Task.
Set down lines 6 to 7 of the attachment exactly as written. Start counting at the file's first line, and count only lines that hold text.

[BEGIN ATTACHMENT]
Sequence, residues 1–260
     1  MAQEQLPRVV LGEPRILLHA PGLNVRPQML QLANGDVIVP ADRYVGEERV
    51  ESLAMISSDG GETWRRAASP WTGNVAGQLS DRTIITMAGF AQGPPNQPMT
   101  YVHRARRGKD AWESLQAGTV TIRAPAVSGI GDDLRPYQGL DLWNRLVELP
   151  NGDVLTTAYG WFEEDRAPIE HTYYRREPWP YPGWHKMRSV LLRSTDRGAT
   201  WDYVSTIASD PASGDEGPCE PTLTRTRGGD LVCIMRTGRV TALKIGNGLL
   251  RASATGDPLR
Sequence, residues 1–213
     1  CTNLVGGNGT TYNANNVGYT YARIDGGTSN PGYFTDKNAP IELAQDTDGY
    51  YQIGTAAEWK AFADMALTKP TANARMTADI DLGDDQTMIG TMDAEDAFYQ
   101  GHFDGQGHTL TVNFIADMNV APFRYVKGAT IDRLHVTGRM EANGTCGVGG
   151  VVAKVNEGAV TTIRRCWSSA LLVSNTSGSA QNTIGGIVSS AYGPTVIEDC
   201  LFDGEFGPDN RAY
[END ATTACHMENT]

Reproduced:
   201  WDYVSTIASD PASGDEGPCE PTLTRTRGGD LVCIMRTGRV TALKIGNGLL
   251  RASATGDPLR